Really great work! This was probably the simplest yet coolest insight from this write-up.
Flipping this on it's head, anybody can recommend a reading list on more robust strategies to obfuscate this sort of breadcrumbs?
- Laser off the part marking. Not knowing what a part is makes the job much more difficult
- One time programmable chips: can't modify or read off firmware if the JTAG bus is disabled
- Encrypted firmware: helps if someone is able to fuzz the chip to dump the firmware
- BGA parts: hide the pins, bury the traces. It makes the job harder but not impossible
- Programming before soldering: you can leave the programming pins disconnected so someone would have to remove the chip before attempting anything on it
- Use more advanced features of the chip: some chips offer secure memory locations that can contain decryption keys, magic numbers, whatever you want. You could have a magic number that you XOR with every literal. It would certainly make things more difficult to determine what is what in the assembly code if you could decrypt it
- Pour some epoxy over the chip or board: makes repairs impossible but also can screw over the reverse engineer.
- Work with a manufacturer to build a custom chip. You could do crazy things like move the programming pins around and hide them as other things. Like the JTAG test points would be random decoupling caps hidden in the board.
- Finally, threaten to sue anyone that publishes anything
That said, there actually is one nasty  workaround: run some critical functionality on a custom USB dongle that the user has to have connected in order to use the software. It could be a calculation in a critical path that's not compute bound but without which the software is unusable. It could even be a JIT engine that consumes encrypted code and returns polymorphic executable code designed to be near impossible to assemble back into a static binary. Some fabs can make tamper-resistant ASICs with a specialized packaging process that couples the on chip memory to the package so that opening the package makes the memory unrecoverable for extra security. This level of protection would be effective against all but the most determined and well funded nation state or competitor.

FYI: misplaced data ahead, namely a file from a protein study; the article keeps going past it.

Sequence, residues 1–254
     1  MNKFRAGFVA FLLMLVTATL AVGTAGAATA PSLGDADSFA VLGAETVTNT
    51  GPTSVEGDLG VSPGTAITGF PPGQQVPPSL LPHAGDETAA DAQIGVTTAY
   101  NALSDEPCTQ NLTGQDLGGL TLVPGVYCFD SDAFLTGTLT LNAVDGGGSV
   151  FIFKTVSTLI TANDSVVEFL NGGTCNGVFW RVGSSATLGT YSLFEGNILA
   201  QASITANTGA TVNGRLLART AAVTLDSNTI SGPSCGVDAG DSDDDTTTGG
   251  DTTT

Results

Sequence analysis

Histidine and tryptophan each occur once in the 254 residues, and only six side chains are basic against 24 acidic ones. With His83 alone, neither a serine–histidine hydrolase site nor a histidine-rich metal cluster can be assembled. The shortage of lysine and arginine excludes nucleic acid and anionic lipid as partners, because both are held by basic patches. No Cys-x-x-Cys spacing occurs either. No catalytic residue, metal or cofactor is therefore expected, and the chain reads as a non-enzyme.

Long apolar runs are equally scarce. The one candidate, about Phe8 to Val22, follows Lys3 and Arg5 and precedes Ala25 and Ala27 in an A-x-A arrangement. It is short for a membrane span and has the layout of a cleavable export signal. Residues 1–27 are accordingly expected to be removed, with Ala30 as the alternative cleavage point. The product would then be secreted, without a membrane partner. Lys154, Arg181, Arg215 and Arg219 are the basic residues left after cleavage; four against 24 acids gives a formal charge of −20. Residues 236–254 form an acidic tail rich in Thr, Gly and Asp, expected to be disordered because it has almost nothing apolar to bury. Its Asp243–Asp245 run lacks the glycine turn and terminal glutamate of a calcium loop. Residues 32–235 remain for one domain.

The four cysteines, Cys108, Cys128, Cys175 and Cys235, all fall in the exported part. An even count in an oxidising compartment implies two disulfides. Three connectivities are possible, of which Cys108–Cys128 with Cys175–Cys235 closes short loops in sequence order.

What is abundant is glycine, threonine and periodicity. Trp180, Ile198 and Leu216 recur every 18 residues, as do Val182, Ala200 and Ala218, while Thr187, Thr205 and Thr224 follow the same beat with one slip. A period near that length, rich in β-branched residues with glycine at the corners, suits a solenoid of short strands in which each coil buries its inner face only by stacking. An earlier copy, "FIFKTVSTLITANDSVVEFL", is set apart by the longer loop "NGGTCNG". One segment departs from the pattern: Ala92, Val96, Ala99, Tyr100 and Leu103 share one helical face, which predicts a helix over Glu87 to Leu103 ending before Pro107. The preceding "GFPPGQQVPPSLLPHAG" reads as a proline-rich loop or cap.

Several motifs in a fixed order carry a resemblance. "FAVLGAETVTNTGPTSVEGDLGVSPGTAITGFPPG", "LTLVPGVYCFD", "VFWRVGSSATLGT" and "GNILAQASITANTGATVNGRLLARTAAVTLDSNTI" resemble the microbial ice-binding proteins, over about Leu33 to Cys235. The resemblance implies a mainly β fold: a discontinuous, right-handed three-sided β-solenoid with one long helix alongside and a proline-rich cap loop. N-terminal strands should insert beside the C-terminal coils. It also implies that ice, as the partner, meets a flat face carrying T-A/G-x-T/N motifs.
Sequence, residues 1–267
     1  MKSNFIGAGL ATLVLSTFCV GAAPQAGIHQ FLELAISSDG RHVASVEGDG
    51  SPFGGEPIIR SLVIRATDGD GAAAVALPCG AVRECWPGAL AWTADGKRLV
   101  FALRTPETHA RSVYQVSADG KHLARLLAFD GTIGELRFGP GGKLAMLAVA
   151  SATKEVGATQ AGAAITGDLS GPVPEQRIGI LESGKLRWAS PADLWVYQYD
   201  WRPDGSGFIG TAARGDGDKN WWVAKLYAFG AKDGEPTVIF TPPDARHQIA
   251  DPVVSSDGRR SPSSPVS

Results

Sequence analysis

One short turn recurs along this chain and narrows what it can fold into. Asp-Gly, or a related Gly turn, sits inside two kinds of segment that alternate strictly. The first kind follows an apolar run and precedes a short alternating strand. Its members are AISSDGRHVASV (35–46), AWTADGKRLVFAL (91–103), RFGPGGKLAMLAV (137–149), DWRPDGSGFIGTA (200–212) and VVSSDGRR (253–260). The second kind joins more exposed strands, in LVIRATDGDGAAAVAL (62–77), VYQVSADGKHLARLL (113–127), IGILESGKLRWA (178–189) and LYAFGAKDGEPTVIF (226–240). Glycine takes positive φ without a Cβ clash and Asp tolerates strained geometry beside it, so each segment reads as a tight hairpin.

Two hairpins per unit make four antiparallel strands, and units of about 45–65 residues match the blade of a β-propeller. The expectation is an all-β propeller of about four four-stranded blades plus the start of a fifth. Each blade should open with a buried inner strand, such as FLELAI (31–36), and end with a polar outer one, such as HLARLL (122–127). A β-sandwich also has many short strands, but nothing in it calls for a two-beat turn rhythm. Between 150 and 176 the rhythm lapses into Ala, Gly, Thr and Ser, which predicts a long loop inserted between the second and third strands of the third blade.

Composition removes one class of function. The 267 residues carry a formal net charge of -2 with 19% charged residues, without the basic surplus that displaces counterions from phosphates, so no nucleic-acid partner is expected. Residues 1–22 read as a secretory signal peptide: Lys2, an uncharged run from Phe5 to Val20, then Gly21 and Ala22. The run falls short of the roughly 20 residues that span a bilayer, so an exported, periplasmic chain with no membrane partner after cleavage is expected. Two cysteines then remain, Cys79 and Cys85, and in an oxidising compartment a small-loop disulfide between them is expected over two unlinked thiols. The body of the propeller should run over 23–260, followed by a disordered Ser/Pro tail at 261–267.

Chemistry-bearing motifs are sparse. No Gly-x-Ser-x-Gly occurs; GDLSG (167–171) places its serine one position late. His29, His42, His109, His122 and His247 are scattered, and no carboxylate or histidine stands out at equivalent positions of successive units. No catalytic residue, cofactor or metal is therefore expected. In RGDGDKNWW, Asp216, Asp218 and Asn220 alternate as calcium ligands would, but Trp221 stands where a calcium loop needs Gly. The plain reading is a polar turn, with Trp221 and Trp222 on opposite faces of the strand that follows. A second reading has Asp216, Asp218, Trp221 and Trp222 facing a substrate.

Nasty for the user, the developer, and the investor all in one!
It seems that many have interpreted the idea that security by obscurity means that any obscurity is completely useless. But I'm sure whoever coined that phrase simply meant that if your only security is obscurity, then you are going to have a bad time.
The reality is, obscurity can be a great additional wall of defense. Something that the real world has known since forever (think hidden safes or unmarked money trucks that rotate their schedules on random intervals).
Did you maybe mean to de-obfuscate?
In this conversation, it was used to mean "flipping the script", to change or reverse something dramatically
The grandparent comment wanted to ask "the opposite question", not "how to make it easier to reverse engineer something", but "how to make it harder to reverse engineer something".